* Visitor information
The Historic Royal Palaces website is the official guide to visiting Hampton Court:
Guides / maps are available on this website.

* Transportation
Hampton Court is in zone 6. The nearest train station is Hampton Court (there is no Tube station). From London, take a train from Waterloo station (the journey lasts about 30 minutes). For train timetables see: Shop/Company/TheTrainline. If you are staying in London you may find it cheapest to buy a 1-day Travelcard (zones 1 to 6) from the ticket office at a Tube station and to use this for bus, Tube or train travel within the greater London area, including the journey on the train to and from Hampton Court (note: Oystercards are not valid on these trains).

Alternatively, you can take the Tube (District line) to Richmond, and then use the R68 bus to Hampton Court.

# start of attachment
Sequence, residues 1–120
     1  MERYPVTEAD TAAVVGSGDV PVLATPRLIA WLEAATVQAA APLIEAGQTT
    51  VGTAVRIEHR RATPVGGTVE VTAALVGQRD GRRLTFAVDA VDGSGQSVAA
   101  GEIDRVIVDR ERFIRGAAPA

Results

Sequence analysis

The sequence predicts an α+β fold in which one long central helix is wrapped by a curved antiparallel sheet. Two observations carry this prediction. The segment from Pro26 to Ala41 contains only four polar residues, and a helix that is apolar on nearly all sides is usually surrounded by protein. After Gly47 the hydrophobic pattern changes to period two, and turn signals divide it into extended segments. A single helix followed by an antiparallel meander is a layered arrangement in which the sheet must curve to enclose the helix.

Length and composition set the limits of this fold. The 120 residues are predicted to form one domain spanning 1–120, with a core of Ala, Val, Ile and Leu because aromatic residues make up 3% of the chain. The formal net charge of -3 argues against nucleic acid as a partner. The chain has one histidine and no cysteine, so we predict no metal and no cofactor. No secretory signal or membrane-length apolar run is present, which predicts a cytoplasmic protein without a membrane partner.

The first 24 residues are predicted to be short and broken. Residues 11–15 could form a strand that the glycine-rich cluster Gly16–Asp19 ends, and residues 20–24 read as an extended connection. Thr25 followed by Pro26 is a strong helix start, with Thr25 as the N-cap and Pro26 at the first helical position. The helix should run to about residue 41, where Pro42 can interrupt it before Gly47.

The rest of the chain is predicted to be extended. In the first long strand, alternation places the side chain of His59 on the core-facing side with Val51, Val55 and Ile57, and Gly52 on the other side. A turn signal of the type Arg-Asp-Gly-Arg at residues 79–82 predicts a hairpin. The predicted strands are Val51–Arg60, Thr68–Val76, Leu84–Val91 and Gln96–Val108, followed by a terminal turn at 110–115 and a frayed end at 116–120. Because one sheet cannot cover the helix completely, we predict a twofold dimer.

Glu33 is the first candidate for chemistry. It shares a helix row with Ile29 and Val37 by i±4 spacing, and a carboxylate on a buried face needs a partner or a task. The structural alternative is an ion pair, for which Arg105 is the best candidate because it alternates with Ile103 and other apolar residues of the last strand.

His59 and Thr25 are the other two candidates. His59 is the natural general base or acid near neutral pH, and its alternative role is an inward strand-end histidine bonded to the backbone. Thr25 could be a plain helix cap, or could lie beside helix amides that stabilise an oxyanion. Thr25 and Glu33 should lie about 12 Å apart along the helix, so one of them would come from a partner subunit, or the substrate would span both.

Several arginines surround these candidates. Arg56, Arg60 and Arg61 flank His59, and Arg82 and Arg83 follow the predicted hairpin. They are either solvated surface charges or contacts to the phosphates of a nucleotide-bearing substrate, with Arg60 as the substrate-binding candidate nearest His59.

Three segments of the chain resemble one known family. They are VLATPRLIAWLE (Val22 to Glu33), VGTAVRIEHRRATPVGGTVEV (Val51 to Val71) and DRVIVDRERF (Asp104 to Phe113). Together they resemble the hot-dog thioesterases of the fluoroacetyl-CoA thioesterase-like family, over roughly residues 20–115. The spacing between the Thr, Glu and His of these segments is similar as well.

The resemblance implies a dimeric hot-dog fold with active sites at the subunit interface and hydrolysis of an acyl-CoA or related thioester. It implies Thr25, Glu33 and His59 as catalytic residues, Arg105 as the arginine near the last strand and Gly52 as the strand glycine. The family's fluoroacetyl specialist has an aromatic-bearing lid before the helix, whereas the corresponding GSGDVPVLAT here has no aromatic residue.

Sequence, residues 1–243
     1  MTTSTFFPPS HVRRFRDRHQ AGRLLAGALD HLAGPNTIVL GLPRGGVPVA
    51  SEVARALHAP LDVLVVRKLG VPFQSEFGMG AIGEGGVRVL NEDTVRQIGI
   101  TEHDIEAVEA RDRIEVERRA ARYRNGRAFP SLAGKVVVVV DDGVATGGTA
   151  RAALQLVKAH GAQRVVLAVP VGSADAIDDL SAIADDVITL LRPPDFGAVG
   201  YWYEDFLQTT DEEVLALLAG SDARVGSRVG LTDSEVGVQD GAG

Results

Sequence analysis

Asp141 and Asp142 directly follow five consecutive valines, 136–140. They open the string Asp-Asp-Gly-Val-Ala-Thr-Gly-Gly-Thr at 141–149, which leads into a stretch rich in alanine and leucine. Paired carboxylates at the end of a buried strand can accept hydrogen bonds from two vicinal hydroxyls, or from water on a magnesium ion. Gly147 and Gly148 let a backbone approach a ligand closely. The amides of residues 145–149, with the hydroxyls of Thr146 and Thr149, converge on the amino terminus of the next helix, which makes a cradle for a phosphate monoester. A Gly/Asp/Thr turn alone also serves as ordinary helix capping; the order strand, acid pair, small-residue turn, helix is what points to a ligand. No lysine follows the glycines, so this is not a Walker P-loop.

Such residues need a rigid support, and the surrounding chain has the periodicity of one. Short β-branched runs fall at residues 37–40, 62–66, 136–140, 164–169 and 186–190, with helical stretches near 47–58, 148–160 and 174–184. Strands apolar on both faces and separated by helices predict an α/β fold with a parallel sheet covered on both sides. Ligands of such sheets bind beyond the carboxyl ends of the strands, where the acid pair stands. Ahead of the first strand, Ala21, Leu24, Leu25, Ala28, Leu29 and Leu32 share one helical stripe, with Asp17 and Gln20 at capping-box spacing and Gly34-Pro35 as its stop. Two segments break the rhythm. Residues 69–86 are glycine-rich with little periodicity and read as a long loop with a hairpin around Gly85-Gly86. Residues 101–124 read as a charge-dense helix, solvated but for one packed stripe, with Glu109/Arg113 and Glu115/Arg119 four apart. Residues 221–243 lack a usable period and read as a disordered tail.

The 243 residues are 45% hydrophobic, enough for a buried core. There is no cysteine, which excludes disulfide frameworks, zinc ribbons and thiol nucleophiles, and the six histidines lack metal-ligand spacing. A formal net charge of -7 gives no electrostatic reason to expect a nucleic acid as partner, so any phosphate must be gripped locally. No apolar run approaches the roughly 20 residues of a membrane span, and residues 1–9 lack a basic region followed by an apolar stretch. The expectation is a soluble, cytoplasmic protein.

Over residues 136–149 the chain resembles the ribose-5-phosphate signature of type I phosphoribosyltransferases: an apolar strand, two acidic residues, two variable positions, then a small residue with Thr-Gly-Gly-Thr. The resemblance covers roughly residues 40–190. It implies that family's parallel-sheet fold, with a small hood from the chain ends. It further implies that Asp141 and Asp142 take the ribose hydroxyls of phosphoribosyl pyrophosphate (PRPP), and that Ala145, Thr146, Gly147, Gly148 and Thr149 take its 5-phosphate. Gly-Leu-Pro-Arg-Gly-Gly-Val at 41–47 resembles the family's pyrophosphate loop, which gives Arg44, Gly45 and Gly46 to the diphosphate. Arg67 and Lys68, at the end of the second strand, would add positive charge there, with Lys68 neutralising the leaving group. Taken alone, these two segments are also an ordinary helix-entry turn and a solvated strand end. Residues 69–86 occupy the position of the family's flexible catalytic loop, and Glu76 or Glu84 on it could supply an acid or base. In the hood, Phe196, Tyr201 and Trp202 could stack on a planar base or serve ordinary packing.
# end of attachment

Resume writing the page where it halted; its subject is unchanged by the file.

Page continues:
Boats can be taken from Richmond or Kingston to Hampton Court:

Boat on the River Thames, south of the palace

* Weather forecast for Hampton Court

Lonely Planet verdict: Hampton Court Palace
"Hampton Court is the largest and grandest Tudor structure in the whole of England ... Steeped in history, the palace makes for an enthralling visit and you should set aside the best part of a day to see it"
(extracts from "Lonely Planet Great Britain - 2003 edition", used with permission)
Lonely Planet Great Britain
Publisher: Lonely Planet Publications
Date: May 2009
Lonely Planet England
Publisher: Lonely Planet Publications
Date: March 2009
Other Lonely Planet publications

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Anderson Tours: Travel/Tours/Company/AndersonTours
Hampton Court Flower Show: Ideas/Album/HamptonCourt
Windsor: Travel/Tours/England/Windsor.
British history: Britain/History
British gardens: Britain/Photos/Gardens

Home page: Home